Some things are just inevitable. You can see them coming from a mile away. Or, as it happens in the mobile space, months ahead of time. We know something is going to happen because companies announce, unveil, tease, hint, or do whatever else to tell us that something is coming months before it's released to the public. That usually means we get a glorified announcement for a new phone or device, and then we have to wait to actually buy it.
Google took a different route with their latest project, Glass. While they did the normal announcement, showing off the device, its features and functionality, they gave us a pretty broad window as to when we should expect to see the final retail version of the device land on store shelves. (If it does see sales in physical retail locations, that is.) So, that's pretty standard for this industry.
But then the Mountain View-based company flipped the table, and confirmed that the Explorer Edition of Glass would be released to a few folks out there in the wild to test, to see how they function in the real world, and to get feedback from the project. Those "few" turned into "a lot of people," and now you don't even really need to pay attention to see Google Glass being shown off in one way or another.
So, Glass's arrival is inevitable. It's coming, and it's certainly making waves with its arrival.
Glass's camera is the main issue for most, it seems. The fact that it's right there, at eye level at all times, and doesn't take much effort to activate is causing plenty of people to question how private they really are at any given moment. More than that, though, the acceptance of Glass is being tested in big ways in certain locations, like public bathrooms.
At the end of April, Robert Scoble tweeted that he wears Glass into public restrooms. He noted that the unit is off when he does, but that so far he hasn't had any issues while adorning the new piece of technology. Since then, the Internet has been busy talking about whether or not Glass should be allowed in public bathrooms.
Not surprising at all, is the fact that the Internet seems to be quite divided on the subject. There are those who believe that you have to activate Glass by saying, "Okay, Glass" and then tell the unit to take a picture, that any sense of "sneaky behavior" gets tossed out the window. And, sure, that would be the case, but there are already ways to take a picture with Glass using a simple gesture, like winking.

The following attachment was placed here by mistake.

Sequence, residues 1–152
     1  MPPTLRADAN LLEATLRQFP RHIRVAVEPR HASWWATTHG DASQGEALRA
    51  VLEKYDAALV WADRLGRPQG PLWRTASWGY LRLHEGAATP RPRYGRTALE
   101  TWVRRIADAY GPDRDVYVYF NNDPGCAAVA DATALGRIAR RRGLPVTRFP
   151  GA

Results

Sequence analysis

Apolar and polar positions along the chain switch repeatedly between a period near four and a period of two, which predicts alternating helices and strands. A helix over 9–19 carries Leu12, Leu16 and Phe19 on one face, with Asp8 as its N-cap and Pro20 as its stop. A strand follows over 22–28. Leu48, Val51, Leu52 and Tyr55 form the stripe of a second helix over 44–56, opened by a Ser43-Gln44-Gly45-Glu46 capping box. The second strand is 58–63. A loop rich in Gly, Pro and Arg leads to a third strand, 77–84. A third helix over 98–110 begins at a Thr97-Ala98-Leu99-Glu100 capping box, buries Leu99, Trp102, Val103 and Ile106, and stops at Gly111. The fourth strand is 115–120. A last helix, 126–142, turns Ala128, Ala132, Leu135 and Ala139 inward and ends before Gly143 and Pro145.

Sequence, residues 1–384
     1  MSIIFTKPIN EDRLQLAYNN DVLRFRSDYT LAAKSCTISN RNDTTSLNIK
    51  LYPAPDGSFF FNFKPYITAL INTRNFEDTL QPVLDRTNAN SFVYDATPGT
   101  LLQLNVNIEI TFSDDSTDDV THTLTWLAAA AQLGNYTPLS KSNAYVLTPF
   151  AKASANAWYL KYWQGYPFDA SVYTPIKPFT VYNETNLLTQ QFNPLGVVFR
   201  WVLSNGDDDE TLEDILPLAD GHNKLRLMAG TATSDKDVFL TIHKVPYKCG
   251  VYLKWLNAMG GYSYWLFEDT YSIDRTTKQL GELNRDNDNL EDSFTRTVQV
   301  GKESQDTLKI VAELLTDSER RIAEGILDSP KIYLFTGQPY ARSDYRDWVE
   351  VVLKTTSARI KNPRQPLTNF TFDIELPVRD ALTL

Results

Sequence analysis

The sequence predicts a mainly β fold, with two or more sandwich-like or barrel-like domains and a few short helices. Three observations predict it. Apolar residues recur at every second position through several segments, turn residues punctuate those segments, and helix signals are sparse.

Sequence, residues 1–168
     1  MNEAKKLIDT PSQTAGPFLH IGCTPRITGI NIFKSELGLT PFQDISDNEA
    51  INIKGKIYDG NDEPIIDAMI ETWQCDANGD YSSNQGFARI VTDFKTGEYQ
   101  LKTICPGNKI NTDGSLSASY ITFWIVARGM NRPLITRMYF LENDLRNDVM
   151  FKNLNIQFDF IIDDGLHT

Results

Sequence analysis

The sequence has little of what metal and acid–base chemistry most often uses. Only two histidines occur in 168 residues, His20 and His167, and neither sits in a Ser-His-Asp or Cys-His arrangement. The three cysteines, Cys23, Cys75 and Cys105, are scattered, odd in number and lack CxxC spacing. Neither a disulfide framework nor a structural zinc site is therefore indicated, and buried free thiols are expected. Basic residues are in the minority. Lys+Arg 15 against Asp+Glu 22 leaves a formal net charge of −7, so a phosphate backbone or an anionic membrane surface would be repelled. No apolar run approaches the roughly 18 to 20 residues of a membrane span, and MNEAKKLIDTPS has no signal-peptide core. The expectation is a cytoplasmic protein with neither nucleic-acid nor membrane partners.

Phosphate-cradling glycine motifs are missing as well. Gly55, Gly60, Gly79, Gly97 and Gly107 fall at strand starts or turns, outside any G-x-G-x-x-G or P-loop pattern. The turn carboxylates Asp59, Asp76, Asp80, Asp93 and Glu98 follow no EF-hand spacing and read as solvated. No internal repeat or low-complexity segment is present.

Glass is an Android-based device, and right now Google is shipping the unit open for developers to do what they want with it. There's no telling what Google will do when the retail version of the device is ready to see the light of day, so the camera could be "locked down" in certain ways.
The truth is, cameras are already banned from varying locations, especially here in the United States. I spoke to a few gym owners in my local area, and they all told me that cameras of any kind are banned from their locker rooms. Movie theaters prohibit cameras, too.
As our own Anna Scantlin wrote a few weeks ago, she's worried about the camera always being present. It's easy to take a photo with Glass, and will be even easier if developers are able to make taking photos with just a gesture in the final retail version. It's easier, and less noticeable, than taking a picture with your smartphone. Unless you're paying attention to what a Glass wearer is doing, you may not know that he or she is taking a picture of you, or recording a video (unless you see that little red light for videos).
But, it can't all be doom and gloom, can it? We've accepted smartphones with ridiculously good cameras in them, and the majority has apparently accepted that they don't belong in some areas. Why should this be any different for Glass? Is it because wearable technology is the future, and that we should just "get used to it?" I don't think cinemas are going to get used to it, along with plenty of other locations.
We've already seen a bar ban Glass, and now Caesar's casino in Las Vegas has banned Glass as well for gamblers. In West Virginia, legislators are trying to ban the use of Glass while people drive. These actions won't slow down.
So instead of attacking this from "people need to accept Glass," I want to know from you where you'd think Glass should be banned, or not banned. Do you think restaurants around the country, as well as other businesses that may have a public restroom, should ban Glass's entry from that specific place? What about hospitals, or your bank? Let me know where you think Glass should, or shouldn't be, banned.